The petition, which was started last week, calls on the officers and board of directors at the National D-Day Memorial Foundation to remove the bust. It had received 616 confirmed signatures as of Monday afternoon, with confirmation pending on more than 200 other signatures.
The Victims of Communism Memorial Foundation, with assistance from the Joint Baltic American National Committee, intends to marshal public opinion against the board’s decision, said Karl Altau, the committee’s managing director. Mr. Altau said that while no goal has been specified, 10,000 signatures would be “terrific.”
Mr. Altau said he has seen a strong response, especially from the countries hardest hit by Stalin’s dictatorship, such as Hungary, Poland and such former Soviet republics as Estonia, Latvia and Georgia…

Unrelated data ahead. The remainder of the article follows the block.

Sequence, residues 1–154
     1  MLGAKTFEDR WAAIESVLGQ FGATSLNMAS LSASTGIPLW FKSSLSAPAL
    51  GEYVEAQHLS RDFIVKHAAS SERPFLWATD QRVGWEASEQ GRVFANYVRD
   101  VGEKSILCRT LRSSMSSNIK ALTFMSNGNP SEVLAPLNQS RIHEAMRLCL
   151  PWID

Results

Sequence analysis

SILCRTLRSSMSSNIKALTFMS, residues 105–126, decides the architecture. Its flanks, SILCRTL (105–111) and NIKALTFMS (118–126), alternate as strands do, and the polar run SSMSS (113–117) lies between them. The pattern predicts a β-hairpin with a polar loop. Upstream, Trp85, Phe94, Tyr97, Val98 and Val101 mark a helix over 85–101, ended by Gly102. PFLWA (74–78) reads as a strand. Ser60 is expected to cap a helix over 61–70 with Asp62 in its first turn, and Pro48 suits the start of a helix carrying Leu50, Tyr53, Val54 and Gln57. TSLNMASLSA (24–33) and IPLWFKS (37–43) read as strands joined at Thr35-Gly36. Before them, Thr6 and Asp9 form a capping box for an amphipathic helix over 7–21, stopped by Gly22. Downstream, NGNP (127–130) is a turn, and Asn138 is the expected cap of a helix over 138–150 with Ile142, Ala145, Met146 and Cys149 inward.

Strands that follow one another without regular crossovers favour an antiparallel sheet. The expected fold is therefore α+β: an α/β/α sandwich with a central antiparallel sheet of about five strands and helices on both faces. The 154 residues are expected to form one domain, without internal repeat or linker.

Robin Reed, slated to become the next president of the National D-Day Memorial Foundation on Monday, is standing by his predecessor’s decision to install a bust of dictator Josef Stalin at the memorial in Bedford, Va.
“At this point in time I certainly am not going to re-evaluate that,” he said in an interview Tuesday with The Washington Times.
While Mr. Reed said he can “appreciate the concern” of locals who have voiced their opposition to the bust, he said the bust can serve as a teaching tool to make visitors recognize the importance of Stalin as one of the leaders in World War II.
To those who argue that Stalin’s force weren’t present on the beaches of Normandy in 1944 and had nothing to do with the D-Day invasion, Mr. Reed said Stalin still deserves credit as someone who contributed to the success of the war.
I’ll go off the reservation here and agree with Mr. Reed. Stalin deserves to be included as an equal partner with Winston Churchill and Franklin Roosevelt. Like it or not, he was a member of the trio of wartime leaders.